A full two years ago, I wrote a guest post that highlighted the never-ending saga involving digital rights management & ownership policies around user-generated video content. At the time, as Digiday and others later reported, many websites, publishers, and otherwise reputable video platforms were simply freebooting, that is ripping user-generated video content, uploading it to their designated player, and selling premium ads around it without permission from video owners. As if the long-standing online piracy issues weren’t bad enough, third parties were now monetizing stolen content without any retribution whatsoever.

Today, I can say with certainty that while inroads have been made across the landscape, so much of it is still far too ambiguous. In fact, with new emerging video platforms entering the fray at lightning speed, the topic has once again become a hotbed of discussion, as countless tech, media, and telecom companies are making aggressive pursuits of digital video, thus causing a growing concern among the content community about the litany of misappropriated use.

User-generated Video Content: Yes, it's Still Subject to Copyright Law

User-generated viral videos - the most organically shared and viewed of all video formats – has long suffered from a neglectful ‘home video’ perception. The stigma -- as often perpetuated by mass media forums -- suggests that content we create, upload, and share is somehow exempt from the same protections afforded to artists and media companies. How can that be? What sets us apart? We never hesitate to point out when content belongs to a major movie studio, media company, or music artist. So, what’s the difference here? Why is so-called ‘amateur’ content any different? How can we be so stringent in our guidelines and policies around big media, and negligent around defenses for common individuals?

Regardless of any commercial benefits, the same protection granted to a lip sync battle segment from the Tonight Show needs to be applied to a father who captures his son walking for the first time. The father, like NBCUniversal in this example, is the content creator / owner / distributor / rights holder, etc., and that entitles him to the same rights and remedies afforded to any artist, regardless of size or stature. Unfortunately, many independent video creators don’t have the know-how or resources to protect their own content, and face an unfair disadvantage.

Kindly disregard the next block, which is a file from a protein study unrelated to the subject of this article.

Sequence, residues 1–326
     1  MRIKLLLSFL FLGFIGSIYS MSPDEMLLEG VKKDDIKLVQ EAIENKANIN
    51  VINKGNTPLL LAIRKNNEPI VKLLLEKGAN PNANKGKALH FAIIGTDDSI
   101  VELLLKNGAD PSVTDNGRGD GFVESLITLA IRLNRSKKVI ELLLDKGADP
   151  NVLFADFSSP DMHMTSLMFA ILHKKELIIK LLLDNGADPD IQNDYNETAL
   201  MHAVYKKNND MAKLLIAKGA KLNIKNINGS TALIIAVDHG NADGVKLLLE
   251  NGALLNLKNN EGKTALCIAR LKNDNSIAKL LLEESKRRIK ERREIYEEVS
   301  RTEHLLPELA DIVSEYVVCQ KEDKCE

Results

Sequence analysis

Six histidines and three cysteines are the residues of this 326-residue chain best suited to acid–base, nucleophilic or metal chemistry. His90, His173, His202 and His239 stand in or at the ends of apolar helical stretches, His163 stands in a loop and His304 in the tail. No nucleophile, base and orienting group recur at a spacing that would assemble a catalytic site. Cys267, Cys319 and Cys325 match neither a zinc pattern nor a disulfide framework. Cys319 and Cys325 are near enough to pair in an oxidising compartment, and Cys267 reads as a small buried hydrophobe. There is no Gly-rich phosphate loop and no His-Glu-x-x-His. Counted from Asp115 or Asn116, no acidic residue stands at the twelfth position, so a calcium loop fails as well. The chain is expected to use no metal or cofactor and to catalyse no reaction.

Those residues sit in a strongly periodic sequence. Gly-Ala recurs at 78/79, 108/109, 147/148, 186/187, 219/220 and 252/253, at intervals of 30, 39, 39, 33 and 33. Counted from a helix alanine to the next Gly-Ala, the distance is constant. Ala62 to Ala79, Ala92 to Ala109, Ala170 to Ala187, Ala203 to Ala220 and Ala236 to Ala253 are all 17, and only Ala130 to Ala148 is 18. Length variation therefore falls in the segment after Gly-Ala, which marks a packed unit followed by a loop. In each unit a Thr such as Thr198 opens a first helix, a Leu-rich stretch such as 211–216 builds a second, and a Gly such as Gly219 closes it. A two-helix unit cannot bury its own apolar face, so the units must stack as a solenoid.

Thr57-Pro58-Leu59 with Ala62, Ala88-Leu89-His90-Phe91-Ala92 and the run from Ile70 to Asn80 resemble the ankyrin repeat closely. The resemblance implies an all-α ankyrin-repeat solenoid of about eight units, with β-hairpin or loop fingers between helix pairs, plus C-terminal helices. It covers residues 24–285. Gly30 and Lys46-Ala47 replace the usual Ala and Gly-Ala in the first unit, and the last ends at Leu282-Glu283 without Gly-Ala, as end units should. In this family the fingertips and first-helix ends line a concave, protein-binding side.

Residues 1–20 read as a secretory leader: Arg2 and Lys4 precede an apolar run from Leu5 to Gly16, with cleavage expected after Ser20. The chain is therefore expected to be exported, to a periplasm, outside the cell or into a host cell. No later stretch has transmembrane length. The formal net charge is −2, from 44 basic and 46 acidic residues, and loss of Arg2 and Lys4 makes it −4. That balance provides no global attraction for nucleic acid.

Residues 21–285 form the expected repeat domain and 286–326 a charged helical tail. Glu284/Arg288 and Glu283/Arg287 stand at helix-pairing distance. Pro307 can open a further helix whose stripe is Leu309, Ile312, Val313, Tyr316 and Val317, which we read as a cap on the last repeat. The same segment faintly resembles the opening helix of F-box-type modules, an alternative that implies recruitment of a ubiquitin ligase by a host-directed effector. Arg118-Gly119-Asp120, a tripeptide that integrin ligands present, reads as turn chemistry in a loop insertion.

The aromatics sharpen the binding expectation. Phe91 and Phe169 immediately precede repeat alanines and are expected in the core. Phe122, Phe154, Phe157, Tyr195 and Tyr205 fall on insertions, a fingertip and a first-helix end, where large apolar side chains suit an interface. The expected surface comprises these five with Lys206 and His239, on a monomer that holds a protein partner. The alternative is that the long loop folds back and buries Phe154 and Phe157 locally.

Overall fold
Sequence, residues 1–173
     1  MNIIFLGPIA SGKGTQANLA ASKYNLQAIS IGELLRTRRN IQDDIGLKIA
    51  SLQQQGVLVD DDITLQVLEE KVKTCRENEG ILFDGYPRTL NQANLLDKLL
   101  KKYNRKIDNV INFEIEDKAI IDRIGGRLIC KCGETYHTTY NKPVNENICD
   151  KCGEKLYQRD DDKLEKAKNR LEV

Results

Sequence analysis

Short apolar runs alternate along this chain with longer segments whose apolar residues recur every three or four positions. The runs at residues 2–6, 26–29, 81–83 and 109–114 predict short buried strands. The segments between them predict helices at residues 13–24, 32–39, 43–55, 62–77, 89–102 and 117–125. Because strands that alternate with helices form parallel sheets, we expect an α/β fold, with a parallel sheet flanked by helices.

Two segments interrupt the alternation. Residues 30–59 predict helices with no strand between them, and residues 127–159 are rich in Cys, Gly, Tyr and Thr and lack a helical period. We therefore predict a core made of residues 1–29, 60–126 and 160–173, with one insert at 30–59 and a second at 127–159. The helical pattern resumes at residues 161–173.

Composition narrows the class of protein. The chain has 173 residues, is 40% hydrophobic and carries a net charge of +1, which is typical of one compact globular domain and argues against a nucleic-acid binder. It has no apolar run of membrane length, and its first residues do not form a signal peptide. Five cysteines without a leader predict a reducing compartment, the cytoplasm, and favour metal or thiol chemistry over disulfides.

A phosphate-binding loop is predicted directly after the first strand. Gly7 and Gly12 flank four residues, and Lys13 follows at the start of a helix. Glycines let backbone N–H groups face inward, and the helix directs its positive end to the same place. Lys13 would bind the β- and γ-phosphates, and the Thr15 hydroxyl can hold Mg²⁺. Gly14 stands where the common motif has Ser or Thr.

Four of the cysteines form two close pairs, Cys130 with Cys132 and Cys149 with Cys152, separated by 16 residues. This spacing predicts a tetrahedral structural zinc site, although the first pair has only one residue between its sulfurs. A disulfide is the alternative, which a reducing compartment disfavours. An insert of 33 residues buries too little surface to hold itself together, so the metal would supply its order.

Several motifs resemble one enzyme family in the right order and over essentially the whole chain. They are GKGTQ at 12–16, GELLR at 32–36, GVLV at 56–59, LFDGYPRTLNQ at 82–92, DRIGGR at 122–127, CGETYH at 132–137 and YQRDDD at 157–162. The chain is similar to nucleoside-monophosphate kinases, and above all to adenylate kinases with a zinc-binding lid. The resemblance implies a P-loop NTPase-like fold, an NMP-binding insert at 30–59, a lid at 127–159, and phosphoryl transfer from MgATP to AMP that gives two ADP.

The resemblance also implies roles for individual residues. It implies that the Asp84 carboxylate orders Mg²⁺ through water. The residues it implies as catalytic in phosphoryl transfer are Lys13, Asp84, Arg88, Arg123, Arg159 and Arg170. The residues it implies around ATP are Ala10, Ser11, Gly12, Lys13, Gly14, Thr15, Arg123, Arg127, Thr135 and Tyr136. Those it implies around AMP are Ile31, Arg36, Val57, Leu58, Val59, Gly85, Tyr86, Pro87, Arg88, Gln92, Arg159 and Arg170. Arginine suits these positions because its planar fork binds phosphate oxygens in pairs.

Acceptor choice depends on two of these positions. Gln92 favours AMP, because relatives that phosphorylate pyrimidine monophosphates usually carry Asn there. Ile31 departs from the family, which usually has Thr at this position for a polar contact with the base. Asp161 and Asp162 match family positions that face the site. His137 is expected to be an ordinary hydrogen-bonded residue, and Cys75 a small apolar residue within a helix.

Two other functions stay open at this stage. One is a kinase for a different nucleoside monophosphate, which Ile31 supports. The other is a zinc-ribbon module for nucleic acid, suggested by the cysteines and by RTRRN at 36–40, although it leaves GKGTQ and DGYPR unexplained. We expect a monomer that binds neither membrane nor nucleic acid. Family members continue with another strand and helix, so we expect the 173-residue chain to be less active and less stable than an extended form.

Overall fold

How to Protect UGC Copyright

Which poses the question, “How do we effectively protect one’s copyright? “ Candidly, I write this from an advantageous position. I’m co-founder of one of the very few companies out there that built an entire team dedicated to the vehement protection of user-generated content. As the Washington Post recently acknowledged in their analysis of YouTube’s 10-year anniversary, “Today, you’ll rarely come across a viral video that isn’t rights-managed by a company like Jukin Media."

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For us, rights management is an obligation to content creators regarding the protection of their intellectual property. With each new video we acquire, we absorb a sizable financial commitment required to manage thousands of copies that find their way illegally onto other platforms and other mediums. Our widespread efforts to police and issue DMCA takedowns when necessary – both on and off YouTube – is an enforceable representation that we’re doing everything in our power to effectively manage the rights of our content.

user generated video content rights managementIt’s this type of commitment to resources and this type of holistic mentality that is required to change the perception that UGC video is free to use, repurpose, and monetize without proper measure.

Further, it requires the largest video platforms to not only focus on a monetization strategy, but also a copyright protection strategy. Facebook native video, for instance, which has shown hair-raising growth in video view numbers, has been at the center of this debate recently, as The Verge and Business Insider have uncovered high-profile cases of copyright infringement on the platform.

Guys like Jerry Seinfeld can make misguided remarks about the “garbage bin” that is YouTube and the incessant crap that gets uploaded every second. But just because one carries star power in ‘show business’ and the other is an average citizen in ‘real life’ doesn’t change the plausibility. It’s universal. The notion that celebrity and big media have any distinct, perpetual right to their creation versus the rest of us is the same garbage bin mentality he’s denouncing.

While we’ve taken substantial measures to ensure user-generated video is encapsulated in the same forum, the online video space still lacks the overarching marching order to protect all creators, in any capacity. We don’t just need better management systems, we need better policies. We need real influence. And we need the biggest players in the space to take a stand. I’m looking at you Facebook.